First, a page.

Simmons et al v. Butler, No. 4:2019cv00010 - Document 27 (E.D. Mo. 2019)

Court Description: OPINION MEMORANDUM AND ORDER IT IS HEREBY ORDERED that Defendants Motion to Dismiss Counts IV and V, [Doc. No. 16] is GRANTED. IT IS FURTHER ORDERED that Plaintiffs Motion to Supplement, [Doc. No. 12] is GRANTED. 12 16 Signed by District Judge Henry Edward Autrey on 5/22/19. (CLA)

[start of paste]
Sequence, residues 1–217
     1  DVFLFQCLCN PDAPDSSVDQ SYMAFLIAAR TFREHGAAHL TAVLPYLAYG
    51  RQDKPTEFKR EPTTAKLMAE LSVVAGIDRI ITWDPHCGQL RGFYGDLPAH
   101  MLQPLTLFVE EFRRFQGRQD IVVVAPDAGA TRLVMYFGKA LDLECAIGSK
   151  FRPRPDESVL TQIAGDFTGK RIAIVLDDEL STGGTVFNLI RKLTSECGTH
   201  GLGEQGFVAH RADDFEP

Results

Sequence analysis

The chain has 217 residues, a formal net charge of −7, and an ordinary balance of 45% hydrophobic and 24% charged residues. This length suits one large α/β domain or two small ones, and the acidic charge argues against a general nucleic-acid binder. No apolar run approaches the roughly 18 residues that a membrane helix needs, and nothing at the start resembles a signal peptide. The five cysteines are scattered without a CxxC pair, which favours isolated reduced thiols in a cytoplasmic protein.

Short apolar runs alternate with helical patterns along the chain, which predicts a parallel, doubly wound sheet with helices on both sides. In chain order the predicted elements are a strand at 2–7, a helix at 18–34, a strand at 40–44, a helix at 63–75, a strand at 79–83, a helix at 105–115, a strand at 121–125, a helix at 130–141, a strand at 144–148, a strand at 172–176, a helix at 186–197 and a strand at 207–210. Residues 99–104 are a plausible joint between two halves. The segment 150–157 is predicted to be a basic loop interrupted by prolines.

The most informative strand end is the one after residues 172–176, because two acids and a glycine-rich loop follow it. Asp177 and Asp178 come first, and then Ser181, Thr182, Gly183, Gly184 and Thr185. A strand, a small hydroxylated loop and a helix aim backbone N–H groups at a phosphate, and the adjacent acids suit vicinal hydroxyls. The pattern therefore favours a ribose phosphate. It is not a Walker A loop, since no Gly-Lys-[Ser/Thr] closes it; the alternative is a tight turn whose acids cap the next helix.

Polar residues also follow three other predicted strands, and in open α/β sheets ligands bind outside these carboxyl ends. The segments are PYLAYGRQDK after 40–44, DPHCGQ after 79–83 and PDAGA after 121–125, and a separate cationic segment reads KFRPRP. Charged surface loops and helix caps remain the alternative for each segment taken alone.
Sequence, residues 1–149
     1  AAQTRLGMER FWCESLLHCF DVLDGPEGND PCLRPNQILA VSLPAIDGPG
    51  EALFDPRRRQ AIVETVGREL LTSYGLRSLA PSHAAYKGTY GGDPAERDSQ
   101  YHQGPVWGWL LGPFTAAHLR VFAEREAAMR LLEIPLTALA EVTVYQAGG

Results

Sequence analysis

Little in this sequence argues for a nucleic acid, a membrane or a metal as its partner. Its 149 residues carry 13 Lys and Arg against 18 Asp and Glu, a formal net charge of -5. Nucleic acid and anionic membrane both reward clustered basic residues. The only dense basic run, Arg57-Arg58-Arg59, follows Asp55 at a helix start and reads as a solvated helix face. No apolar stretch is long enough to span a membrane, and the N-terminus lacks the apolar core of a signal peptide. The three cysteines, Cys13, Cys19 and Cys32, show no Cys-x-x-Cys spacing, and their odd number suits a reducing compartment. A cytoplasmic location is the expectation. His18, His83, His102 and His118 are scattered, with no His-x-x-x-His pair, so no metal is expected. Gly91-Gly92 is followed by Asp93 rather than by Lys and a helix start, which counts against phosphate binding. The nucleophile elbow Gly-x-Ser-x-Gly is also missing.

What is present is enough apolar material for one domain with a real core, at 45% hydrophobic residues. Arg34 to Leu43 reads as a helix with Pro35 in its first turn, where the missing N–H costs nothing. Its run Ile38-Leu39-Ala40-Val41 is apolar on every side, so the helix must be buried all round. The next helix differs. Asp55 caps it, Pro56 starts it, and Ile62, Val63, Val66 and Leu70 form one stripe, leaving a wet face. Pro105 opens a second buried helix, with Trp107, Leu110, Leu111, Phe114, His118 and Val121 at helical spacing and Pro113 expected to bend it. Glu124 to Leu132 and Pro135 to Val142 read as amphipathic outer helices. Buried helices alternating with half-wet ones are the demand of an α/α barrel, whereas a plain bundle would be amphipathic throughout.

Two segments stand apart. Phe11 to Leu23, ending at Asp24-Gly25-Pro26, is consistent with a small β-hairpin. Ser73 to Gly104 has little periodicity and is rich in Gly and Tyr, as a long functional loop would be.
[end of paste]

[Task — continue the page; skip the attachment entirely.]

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UNITED STATES DISTRICT COURT FOR THE EASTERN DISTRICT OF MISSOURI EASTERN DIVISION GEORGIE SIMMONS, et al., Plaintiffs, v. MICHAEL BUTLER, Defendant, ) ) ) ) ) ) ) ) ) Case No. 4:19CV10 HEA OPINION, MEMORANDUM AND ORDER Introduction This matter is before the Court on Defendant’s Motion to Dismiss Counts IV and V of Plaintiff’s First Amended Complaint, [Doc. No. 16]. Plaintiffs oppose the Motion. A hearing on the motion was held on April 24, 2019. After the hearing, Defendant filed a supplemental brief in support of his motion. For the reasons set forth below, the Motion is granted. Facts and Background Plaintiffs’ First Amended Complaint alleges the following:1 On August 7, 2018, Defendant Michael Butler (“Butler”) defeated the incumbent Recorder of Deeds for the City of St. Louis in the primary election for The recitation of facts is taken from Plaintiff’s First Amended Complaint and is set forth for the purposes of the pending motion to dismiss. The recitation does not relieve any party of the necessary proof of any stated fact in future proceedings. 1 1 that office. On November 6, 2018, Butler won the general election. Plaintiffs Georgie Simmons (“Simmons”), Johnetta Sherrod (“Sherrod”), Robert Dillard (“Dillard”), and Julie Ellison (“Ellison”) (collectively, “Plaintiffs”) were employees of the City of St. Louis Recorder of Deeds Office (the “Office”) until they were terminated on January 2, 2019, Butler’s first day in office. None of the Plaintiffs openly supported Butler during his political campaign. In March 2018, Butler had met with Simmons and Sherrod and asked them for their support in his political campaign. Simmons and Sherrod declined to become involved with any campaign, which caused Butler to become upset. Dillard actively campaigned for Butler’s opponent, the previous Recorder of Deeds. On August 7, 2018, Butler told Dillard that he could not “guarantee” his position if he did not support Butler’s campaign. Between August 7, 2018, and January 2, 2019, Butler appeared in the Office on no fewer than four occasions, including September 7, November 16, December 10, and December 28. On these visits, he spoke with staff and provided assurances that no one would be fired for political retaliation for failing to support his candidacy. During the same time period, Butler’s alleged agents, including paid campaign staffer George Poole, appeared in the Office to threaten long-term employees’ positions in the Office. These agents, including Poole, said that the Plaintiffs would be terminated for not supporting Butler’s political campaign. 2 Poole appeared in the Office no fewer than five times between August 7 and December 28, 2018. On December 17, 2018, Denise Starks, an Office employee who was also a political supporter of Butler, filed a false sexual harassment complaint against Simmons and another employee. Plaintiffs allege that this complaint was “part of Defendant Butler’s crusade against Plaintiffs to force them out of their positions,” filed at the behest of Butler. Butler allegedly assumed that the outgoing Recorder of Deeds would not be able to process the complaint before Butler took office. Butler then would be the one to handle the complaint and have reason to terminate Simmons for cause. In fact, the outgoing Recorder of Deeds investigated the complaint and found it to be unsubstantiated. Plaintiffs allege that Butler “took advantage of Ms. Starks by conspiring with her to file a false, frivolous complaint against Plaintiff Simmons.” On January 2, 2019, Butler delivered letters of termination to Simmons and Sherrod. In essence, these letters offered Simmons and Sherrod two weeks’ pay if they gave up their right to sue Butler and the City of St. Louis. Neither Simmons nor Sherrod would sign, and Butler terminated them. Butler included nonmanagerial employees in the termination meetings, which Plaintiffs claim violated Simmons’ and Sherrod’s right to privacy. As Sherrod was leaving City Hall, 3 George Poole physically confronted Sherrod in front of dozens of onlookers, causing Sherrod significant emotional distress and embarrassment. Butler replaced Simmons and Sherrod with political associates who had no previous experience in the Recorder of Deeds Office. Plaintiffs aver that the replacements lacked requisite professional experience for the positions to which they were assigned. The Recorder of Deeds Employee Policy & Benefit manual expressly states that an employee’s “position in the Recorder’s Office is no way impacted negatively or positively by [her or his] participation in the political process.” Defendant issued a “status” form letter for each terminated employee that did not include the reason for termination as required by policy. Additionally, Butler dated the status letters for January 7, 2019, but did not send them until January 15, 2019. This “backdating” was allegedly done in an effort to prevent Plaintiffs from requesting a disciplinary hearing within the 10-day time limit required by policy. Plaintiffs allege that they were wrongfully terminated in violation of the First, Fifth, and Fourteenth Amendments as retaliation for not supporting Butler in his political campaign for the office of Recorder of Deeds. Plaintiffs allege that Butler’s conduct was willful and intentional and that he intentionally caused Plaintiffs emotional distress, pain and suffering, and health problems including elevated blood pressure, severe anxiety, and depression. Plaintiffs also allege loss 4 of income and loss of potential employment opportunities due to the history of “firing” in their employment record. Plaintiff’s Complaint alleges: violation of their First Amendment rights (Count I); violation of their Fifth Amendment and Fourteenth Amendment rights to due process (Count II and Count III, respectively); that they are entitled to declaratory judgment (Count IV); civil conspiracy (Count V); wrongful termination (Count VI). Defendant Butler moves to dismiss Count IV and Count V pursuant to Rule 12(b)(6) of the Federal Rules of Civil Procedure for failure to state a claim upon which relief may be granted. Defendant argues that declaratory judgment is not warranted and that the civil conspiracy claim is insufficiently pled as a matter of law and accordingly, those Counts must be dismissed. Motion to Dismiss Standard A motion to dismiss under Rule 12(b)(6) challenges the legal sufficiency of the complaint. See Carton v. General Motor Acceptance Corp., 611 F.3d 451, 454 (8th Cir. 2010); Young v. City of St. Charles, 244 F.3d 623, 627 (8th Cir. 2001). To survive a motion to dismiss, the complaint must include “enough facts to state a claim to relief that is plausible on its face.” Bell Atlantic Corp. v. Twombly, 550 U.S. 544, 570 (2007). To meet the plausibility standard, the complaint must contain “more than labels and conclusions.” Id. at 555. Rather, the complaint 5 must contain “factual content that allows the court to draw the reasonable inference that the defendant is liable for the misconduct alleged.” Ashcroft v. Iqbal, 129 S. Ct. 1937, 1949 (2009). The Court must grant all reasonable inferences in favor of the nonmoving party. Lustgraaf v. Behrens, 619 F.3d 867, 872–73 (8th Cir. 2010). A complaint must be liberally construed in the light most favorable to the plaintiff. Eckert v. Titan Tire Corp., 514 F.3d 801, 806 (8th Cir. 2006). The Court must accept the facts alleged as true, even if doubtful. Twombly, 550 U.S. at 555. Thus, a well-pleaded complaint may proceed even if it appears that recovery is very remote or unlikely. Id.; Young, 244 F.3d at 627. Discussion Declaratory Judgment – Count IV In Count IV, Plaintiffs seek “a declaration of the rights, status, and legal relation of the parties.” Defendant argues that Plaintiffs’ request for declaratory judgment should be dismissed because declaratory judgment would not serve to clarify and settle the legal relations at issue. Plaintiffs respond that declaratory judgment would at least clarify and help settle the issue of whether the Plaintiffs were at-will employees or entitled to Constitutional protections. The Declaratory Judgment Act states that “In a case of actual controversy within its jurisdiction . . . any court of the United States, upon the filing of an appropriate pleading, may declare the rights and other legal relations of any 6 interested party seeking such declaration, whether or not further relief is or could be sought.” 28 U.S.C. § 2201. Rule 57 of the Federal Rules of Civil Procedure provides: “The existence of another adequate remedy does not preclude a judgment for declaratory relief in cases where it is otherwise appropriate.” However, “Rule 57 is not construed to mean that a declaratory judgment action ‘will lie whenever there is a pending controversy, regardless of the need for it.’” Amerisure Mut. Ins. Co. v. Maschmeyer Landscapers, Inc., No. 4:06-CV-1308 (CEJ), 2007 WL 2811080, at *2 (E.D. Mo. Sept. 24, 2007) (quoting Larson v. General Motors Corp., 134 F.2d 450, 453 (2d Cir. 1943)). A party may challenge a request for declaratory judgment on the ground that a decision on the merits will render the request for declaratory judgment moot. Postal Instant Press v. Jackson, 658 F. Supp. 739, 742 (D. Colo. 1987) (citing Wright & Miller: Federal Practice and Procedure § 1406 (1971); Larson, 134 F.2d 450.) Plaintiffs’ First Amended Complaint contains Constitutional claims as well as a claim of wrongful termination, the outcome of which will necessarily settle the issues of the parties’ rights, status, and legal relationships, especially as to the Plaintiffs’ status as either at-will or protected employees. The request for declaratory relief in this instance is not well placed, and will be dismissed. Civil Conspiracy – Count V 7 Plaintiff alleges that Defendant conspired with his political donors to deprive Plaintiff of their rights. To prove a 42 U.S.C. § 1983 conspiracy claim, a plaintiff must show: (1) that the defendant conspired with others to deprive him of constitutional rights; (2) that at least one of the alleged co-conspirators engaged in an overt act in furtherance of the conspiracy; and (3) that the overt act injured the plaintiff. The plaintiff is additionally required to prove a deprivation of a constitutional right or privilege in order to prevail on a § 1983 civil conspiracy claim. White v. McKinley, 519 F.3d 806, 815 (8th Cir. 2008) (citing Askew v. Millerd, 191 F.3d 953, 957 (8th Cir.1999) (internal citations omitted)). “For a claim of conspiracy under Section 1983, the plaintiff need not show that each participant knew ‘the exact limits of the illegal plan ...,’ but the plaintiff must show evidence sufficient to support the conclusion that the defendants reached an agreement to deprive the plaintiff of constitutionally guaranteed rights.” Id. at 816 (citing Larson by Larson v. Miller, 76 F.3d 1446, 1458 (8th Cir. 1996)). Defendant contends that this civil conspiracy claim should be dismissed as insufficiently pled because the First Amended Complaint fails to plausibly plead that an agreement to deprive the Plaintiffs of their rights existed between Defendant and his political donors. The Court agrees. Plaintiffs assert that the hiring of Defendant’s political consultant to replace Sherrod “required planning and conspiring with said political consultant prior to replacing Plaintiff Sherrod to wrongfully terminate her employment.” Even 8 accepting all of Plaintiffs’ allegations as true, and granting all reasonable inferences in their favor, this is not a reasonable inference that can be drawn from the First Amended Complaint. Although it can be inferred from the pleadings that the political associates knew they were to be hired on January 2, Plaintiffs make no allegations from which the Court can infer that the political associates/new hires knew that Defendant planned to illegally terminate Plaintiffs. Plaintiffs’ argument that a new hire would necessarily be involved in the termination of their predecessor is not logically sound; therefore Plaintiffs have failed to allege the requisite agreement between conspirators. Plaintiff also makes allegations that Denise Starks filed a false and frivolous sexual harassment complaint against Simmons in the month before Defendant took over as Recorder of Deeds. If these allegations are meant to be construed as part of Count V, they must also be dismissed. Plaintiffs acknowledge that the complaint was dismissed as false by the previous Recorder of Deeds before Defendant could take office. Plaintiffs acknowledge that Defendant did not and could not base his termination of Simmons on the harassment complaint. Therefore, Simmons has failed to show that his employment interest was injured by the alleged conspiracy of Defendant and the sexual harassment complainant. Plaintiffs have failed to adequately plead a claim of civil conspiracy related to the alleged violations of rights. Count V must be dismissed. 9 Conclusion For the foregoing reasons, Defendant’s Motion to Dismiss Counts IV and V is granted. Accordingly, IT IS HEREBY ORDERED that Defendant’s Motion to Dismiss Counts IV and V, [Doc. No. 16] is GRANTED. IT IS FURTHER ORDERED that Plaintiffs’ Motion to Supplement, [Doc. No. 12] is GRANTED. Dated this22nd day of May, 2019. ________________________________ HENRY EDWARD AUTREY UNITED STATES DISTRICT JUDGE 10